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Articles on Women in science

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Ada King, Countess of Lovelace, was more than just another mathematician. Watercolor portrait of Ada King, Countess of Lovelace by Alfred Edward Chalon via Wikimedia

Ada Lovelace’s skills with language, music and needlepoint contributed to her pioneering work in computing

Lovelace was a prodigious math talent who learned from the giants of her time, but her linguistic and creative abilities were also important in her invention of computer programming.
Building relationships with colleagues outside of work is important for career development. 10'000 Hours/Digital Vision via Getty Images

Fishing, strip clubs and golf: How male-focused networking in medicine blocks female colleagues from top jobs

By surveying over 100 people in academic medicine, a researcher found that women are consistently excluded from important networking activities like watching sports, drinking at bars and playing golf.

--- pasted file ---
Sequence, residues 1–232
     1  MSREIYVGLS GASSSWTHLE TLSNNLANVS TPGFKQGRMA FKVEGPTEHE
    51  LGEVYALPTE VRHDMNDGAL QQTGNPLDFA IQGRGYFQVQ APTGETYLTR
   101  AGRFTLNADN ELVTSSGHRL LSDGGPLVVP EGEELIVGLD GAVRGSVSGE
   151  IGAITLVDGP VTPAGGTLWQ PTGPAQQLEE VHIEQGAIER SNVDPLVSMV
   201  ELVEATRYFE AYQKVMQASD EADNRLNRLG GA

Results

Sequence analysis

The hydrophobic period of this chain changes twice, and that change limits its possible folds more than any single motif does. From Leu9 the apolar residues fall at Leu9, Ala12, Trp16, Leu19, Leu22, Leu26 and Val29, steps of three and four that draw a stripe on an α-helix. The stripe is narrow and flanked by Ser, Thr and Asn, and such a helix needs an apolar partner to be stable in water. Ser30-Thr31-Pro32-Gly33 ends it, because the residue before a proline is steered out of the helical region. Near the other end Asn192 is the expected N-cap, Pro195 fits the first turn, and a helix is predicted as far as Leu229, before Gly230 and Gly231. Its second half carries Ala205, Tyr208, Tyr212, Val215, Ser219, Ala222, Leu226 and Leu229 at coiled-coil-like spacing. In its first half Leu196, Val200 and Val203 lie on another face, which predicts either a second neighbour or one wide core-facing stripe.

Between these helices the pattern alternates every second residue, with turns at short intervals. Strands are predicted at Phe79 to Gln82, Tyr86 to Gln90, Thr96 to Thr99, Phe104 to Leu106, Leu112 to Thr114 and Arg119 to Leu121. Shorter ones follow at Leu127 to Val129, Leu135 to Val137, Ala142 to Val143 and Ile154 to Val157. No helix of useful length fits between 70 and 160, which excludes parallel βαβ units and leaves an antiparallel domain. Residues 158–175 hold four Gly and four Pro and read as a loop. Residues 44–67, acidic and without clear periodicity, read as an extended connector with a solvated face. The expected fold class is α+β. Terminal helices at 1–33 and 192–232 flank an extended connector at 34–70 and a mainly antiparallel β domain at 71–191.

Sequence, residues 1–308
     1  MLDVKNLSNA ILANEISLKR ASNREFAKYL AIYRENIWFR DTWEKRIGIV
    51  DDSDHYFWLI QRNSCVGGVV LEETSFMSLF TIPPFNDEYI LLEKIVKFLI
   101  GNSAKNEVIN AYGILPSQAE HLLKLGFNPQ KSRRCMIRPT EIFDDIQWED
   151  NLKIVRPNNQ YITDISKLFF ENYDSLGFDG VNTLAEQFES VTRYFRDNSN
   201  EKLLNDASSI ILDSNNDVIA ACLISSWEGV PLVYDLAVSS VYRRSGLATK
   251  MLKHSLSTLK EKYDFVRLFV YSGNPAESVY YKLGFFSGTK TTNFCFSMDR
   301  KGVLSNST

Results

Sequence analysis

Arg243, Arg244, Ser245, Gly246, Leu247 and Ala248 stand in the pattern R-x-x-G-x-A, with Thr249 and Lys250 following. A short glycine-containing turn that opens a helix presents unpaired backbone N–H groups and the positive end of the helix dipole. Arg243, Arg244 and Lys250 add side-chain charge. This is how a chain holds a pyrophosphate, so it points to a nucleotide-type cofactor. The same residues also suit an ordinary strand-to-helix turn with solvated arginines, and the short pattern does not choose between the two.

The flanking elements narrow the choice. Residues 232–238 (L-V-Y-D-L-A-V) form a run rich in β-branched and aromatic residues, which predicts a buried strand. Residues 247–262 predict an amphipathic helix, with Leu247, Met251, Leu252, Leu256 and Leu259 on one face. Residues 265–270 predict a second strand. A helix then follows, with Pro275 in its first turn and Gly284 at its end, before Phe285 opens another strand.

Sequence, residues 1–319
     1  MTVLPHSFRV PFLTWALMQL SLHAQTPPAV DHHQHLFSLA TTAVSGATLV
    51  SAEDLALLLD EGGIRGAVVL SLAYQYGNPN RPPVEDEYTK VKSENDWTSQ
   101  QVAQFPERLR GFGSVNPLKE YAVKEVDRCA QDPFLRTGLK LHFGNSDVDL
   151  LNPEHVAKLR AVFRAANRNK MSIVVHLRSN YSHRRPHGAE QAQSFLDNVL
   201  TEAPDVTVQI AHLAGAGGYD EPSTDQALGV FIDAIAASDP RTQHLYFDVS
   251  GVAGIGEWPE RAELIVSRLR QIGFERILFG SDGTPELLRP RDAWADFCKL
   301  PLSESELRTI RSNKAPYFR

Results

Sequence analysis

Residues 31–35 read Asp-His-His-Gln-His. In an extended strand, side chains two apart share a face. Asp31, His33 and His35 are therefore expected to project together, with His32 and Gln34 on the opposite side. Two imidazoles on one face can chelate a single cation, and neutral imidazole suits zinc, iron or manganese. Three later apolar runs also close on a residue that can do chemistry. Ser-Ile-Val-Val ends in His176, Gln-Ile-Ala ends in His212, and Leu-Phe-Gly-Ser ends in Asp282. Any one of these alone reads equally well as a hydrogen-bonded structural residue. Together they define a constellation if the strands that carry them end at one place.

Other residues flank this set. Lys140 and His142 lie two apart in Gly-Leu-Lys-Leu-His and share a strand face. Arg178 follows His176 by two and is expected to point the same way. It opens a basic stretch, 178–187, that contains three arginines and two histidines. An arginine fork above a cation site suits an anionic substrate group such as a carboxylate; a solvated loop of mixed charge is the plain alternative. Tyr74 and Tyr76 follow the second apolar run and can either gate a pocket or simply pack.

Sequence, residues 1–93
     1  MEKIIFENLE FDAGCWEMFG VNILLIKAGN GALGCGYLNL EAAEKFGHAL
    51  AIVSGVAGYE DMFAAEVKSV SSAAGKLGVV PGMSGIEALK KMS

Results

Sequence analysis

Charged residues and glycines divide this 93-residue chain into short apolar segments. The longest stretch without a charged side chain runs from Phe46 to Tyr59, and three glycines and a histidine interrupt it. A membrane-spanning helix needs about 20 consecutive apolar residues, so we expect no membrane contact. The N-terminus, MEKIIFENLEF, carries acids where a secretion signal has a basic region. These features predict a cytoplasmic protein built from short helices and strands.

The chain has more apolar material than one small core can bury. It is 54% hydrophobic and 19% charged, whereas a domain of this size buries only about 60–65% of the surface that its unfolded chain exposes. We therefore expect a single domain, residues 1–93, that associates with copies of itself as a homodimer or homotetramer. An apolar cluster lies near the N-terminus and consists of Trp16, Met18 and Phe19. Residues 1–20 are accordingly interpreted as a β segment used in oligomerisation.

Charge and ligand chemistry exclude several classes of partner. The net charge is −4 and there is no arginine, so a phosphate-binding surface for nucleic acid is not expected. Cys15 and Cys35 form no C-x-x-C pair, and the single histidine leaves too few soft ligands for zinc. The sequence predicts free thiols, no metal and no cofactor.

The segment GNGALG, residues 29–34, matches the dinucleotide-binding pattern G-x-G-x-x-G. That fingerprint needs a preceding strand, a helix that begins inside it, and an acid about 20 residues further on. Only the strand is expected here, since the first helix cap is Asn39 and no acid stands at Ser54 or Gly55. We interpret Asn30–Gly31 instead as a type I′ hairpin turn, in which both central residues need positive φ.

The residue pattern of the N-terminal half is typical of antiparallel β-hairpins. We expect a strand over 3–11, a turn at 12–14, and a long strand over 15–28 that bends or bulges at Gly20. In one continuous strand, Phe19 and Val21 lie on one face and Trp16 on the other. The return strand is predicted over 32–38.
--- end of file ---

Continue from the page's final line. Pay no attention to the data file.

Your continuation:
Working from home comes with many distractions. MoMoProductions/Digital Vision via Getty Images

Surveys of scientists show women and young academics suffered most during pandemic and may face long-term career consequences

Many scientists stuck at home during university closures dealt with increased domestic responsibilities. But some groups had it worse than others.
Mary Elizabeth Shutler in Vanuatu, in the1960s. Permitted to join the first archaeological expedition to New Caledonia in 1952 as a ‘voluntary assistant’, she was the only French speaker and chief interlocuter with the Kanak people. Family archives, reproduced with the kind authorisation of John Shutler & Susan Arter.

Friday essay: invisible no more – putting the first women archaeologists of the Pacific back on the map

‘Wives’, volunteers, assistants: the vital contribution of women archaeologists has long been underplayed, if not erased. A new project uncovers trailblazers in the Pacific.
Women have a huge amount to contribute to science and research, if the right support systems are in place. Per-Anders Pettersson/Getty Images

Study sheds light on what it takes for women to succeed – or not – in science in Africa

Reasons why women’s voices are ignored in science reporting range from socio-cultural influences that inform gender norms, to perceptions of leadership and political power structures.

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